According to St. Francis de Sales, the words you use in conversation can be an initial test of your soul's health.
The internet has allowed us to connect with people all over the world, people we would have never met. At the same time, this connection is often anonymous, allowing us the ability to post online comments to people we will never see in person.
This makes it relatively easy to be free with our comments, not thinking about the spiritual consequences of our actions.
According to St. Francis de Sales, in his Introduction to the Devout Life, if we want to know the state of our soul, the initial test involves evaluating our use of words.
Physicians judge to a great extent as to the health or disease of a man by the state of his tongue, and our words are a true test of the state of our soul. “By your words you shall be justified, and by your words you shall be condemned,” the Savior says. We are apt to apply the hand quickly to the place where we feel pain, and so too the tongue is quick to point out what we love.
St. Francis de sales argues that we often talk about what we love, and the words reveal that interior attachment.
If you love God heartily, my child, you will often speak of Him among your relations, household and familiar friends, and that because “the mouth of the righteous speaks wisdom, and his tongue talks of judgment.”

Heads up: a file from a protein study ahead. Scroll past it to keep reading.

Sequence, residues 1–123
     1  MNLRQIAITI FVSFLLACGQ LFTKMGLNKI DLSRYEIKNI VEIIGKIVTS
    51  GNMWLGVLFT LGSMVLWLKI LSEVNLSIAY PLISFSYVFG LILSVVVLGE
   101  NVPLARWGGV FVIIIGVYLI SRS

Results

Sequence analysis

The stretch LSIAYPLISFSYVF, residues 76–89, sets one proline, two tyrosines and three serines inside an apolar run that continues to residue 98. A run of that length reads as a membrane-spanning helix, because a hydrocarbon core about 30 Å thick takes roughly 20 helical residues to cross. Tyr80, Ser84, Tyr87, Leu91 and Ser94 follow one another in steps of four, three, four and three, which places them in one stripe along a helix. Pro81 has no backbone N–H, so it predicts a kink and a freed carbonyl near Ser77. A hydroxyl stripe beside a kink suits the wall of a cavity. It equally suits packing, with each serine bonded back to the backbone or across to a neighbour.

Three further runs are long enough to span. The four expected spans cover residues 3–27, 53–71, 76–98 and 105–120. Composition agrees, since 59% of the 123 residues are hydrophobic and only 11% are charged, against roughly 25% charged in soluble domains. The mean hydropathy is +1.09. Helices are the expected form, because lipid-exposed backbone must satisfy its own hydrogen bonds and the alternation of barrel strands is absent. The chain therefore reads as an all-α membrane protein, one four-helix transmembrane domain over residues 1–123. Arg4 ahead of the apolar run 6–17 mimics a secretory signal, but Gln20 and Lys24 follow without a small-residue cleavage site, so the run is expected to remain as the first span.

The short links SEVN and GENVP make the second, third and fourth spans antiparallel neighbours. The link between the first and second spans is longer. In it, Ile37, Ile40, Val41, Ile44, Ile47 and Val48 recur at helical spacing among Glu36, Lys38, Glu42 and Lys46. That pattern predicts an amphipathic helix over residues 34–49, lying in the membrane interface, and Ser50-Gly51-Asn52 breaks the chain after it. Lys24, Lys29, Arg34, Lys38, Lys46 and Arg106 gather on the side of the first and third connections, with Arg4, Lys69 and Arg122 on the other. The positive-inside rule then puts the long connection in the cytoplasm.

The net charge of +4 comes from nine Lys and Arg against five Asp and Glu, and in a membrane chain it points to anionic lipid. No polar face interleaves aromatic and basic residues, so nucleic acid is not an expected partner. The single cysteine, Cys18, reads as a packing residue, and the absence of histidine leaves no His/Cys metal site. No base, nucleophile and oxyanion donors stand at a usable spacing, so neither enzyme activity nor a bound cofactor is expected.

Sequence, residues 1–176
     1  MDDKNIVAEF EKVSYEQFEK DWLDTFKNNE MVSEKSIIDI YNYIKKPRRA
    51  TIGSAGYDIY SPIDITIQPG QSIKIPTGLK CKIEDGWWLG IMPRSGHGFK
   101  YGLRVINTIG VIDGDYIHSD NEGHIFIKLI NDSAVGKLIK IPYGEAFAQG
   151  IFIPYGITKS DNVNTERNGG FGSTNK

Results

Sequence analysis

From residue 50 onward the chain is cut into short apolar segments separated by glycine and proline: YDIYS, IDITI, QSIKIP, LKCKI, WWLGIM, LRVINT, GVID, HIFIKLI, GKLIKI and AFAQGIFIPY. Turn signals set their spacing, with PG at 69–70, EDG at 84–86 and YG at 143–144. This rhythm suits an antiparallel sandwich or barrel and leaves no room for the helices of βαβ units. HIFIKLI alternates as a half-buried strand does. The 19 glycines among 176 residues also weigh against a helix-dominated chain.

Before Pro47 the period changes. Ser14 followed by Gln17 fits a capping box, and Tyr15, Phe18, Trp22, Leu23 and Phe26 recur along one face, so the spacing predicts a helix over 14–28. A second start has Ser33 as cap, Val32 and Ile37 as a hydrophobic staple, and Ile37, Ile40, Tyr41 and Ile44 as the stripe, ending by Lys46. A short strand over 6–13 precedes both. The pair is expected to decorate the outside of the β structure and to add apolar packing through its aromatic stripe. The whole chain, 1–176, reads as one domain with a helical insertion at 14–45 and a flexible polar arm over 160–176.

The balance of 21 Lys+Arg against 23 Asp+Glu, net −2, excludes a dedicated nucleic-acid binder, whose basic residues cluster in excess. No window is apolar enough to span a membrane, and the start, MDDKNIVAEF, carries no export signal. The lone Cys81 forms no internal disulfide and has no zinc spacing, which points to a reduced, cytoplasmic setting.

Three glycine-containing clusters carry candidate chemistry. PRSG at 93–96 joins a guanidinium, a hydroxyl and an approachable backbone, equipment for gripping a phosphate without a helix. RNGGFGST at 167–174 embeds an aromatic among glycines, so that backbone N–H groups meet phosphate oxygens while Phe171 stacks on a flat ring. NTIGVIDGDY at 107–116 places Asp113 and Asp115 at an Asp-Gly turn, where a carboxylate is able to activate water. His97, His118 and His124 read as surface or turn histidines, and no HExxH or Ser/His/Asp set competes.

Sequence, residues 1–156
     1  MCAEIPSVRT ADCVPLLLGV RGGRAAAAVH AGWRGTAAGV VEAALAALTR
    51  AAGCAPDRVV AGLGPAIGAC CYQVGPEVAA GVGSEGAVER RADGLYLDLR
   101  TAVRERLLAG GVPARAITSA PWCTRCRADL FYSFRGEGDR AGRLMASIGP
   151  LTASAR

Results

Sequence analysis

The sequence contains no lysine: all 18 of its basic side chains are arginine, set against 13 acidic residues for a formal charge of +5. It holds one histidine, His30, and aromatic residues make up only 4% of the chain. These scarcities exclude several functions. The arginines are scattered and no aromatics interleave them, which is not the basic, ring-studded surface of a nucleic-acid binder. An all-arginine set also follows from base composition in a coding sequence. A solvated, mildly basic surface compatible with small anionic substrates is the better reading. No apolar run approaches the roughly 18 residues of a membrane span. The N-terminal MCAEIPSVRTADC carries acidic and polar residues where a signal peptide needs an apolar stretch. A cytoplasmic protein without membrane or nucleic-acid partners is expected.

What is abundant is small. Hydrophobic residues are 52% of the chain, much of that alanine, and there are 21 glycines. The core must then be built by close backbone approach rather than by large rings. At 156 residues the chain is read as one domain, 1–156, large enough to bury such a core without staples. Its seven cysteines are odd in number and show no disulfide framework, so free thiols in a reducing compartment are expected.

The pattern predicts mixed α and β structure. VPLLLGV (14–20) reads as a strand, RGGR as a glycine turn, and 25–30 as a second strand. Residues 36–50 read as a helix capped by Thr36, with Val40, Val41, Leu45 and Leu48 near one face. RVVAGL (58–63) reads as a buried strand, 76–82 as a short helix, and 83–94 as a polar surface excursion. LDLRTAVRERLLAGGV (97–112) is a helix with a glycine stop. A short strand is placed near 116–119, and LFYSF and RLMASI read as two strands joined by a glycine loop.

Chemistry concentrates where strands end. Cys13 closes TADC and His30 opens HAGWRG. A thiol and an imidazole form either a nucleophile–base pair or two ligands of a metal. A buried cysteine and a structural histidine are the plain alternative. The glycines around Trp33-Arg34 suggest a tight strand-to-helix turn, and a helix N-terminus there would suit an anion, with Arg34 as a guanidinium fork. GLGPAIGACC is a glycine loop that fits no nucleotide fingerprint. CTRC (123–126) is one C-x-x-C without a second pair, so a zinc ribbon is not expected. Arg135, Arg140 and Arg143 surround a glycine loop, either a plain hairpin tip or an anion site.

Yet, it is not enough to simply talk about God; we must do so with charity and humility. Furthermore, if we are engaged in a heated debate on Twitter, the goal should not be to use harsh words of judgement, but words that win the soul with honey.
[A]s you speak to one or another around, in your secret heart the while asking God to let this soft heavenly dew sink into their minds as they hearken. And remember very specially always to fulfill this angelic task meekly and lovingly, not as though you were reproving others, but rather winning them. It is wonderful how attractive a gentle, pleasant manner is, and how much it wins hearts.
Honey is always much more attractive than vinegar, and so our words should reflect that reality.
Take some time today to evaluate your conversations, both offline and on social networks. Often there we will find room for growth and ways where we can grow closer to God.